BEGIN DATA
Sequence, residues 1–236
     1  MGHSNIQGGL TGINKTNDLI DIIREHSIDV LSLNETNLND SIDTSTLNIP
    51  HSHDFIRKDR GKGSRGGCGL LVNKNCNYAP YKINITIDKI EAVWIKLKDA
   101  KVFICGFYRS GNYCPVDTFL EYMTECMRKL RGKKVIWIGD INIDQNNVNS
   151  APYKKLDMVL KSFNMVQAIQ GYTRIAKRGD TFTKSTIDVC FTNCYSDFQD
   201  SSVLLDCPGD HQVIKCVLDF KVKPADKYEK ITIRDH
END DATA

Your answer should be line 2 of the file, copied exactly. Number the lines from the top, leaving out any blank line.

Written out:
     1  MGHSNIQGGL TGINKTNDLI DIIREHSIDV LSLNETNLND SIDTSTLNIP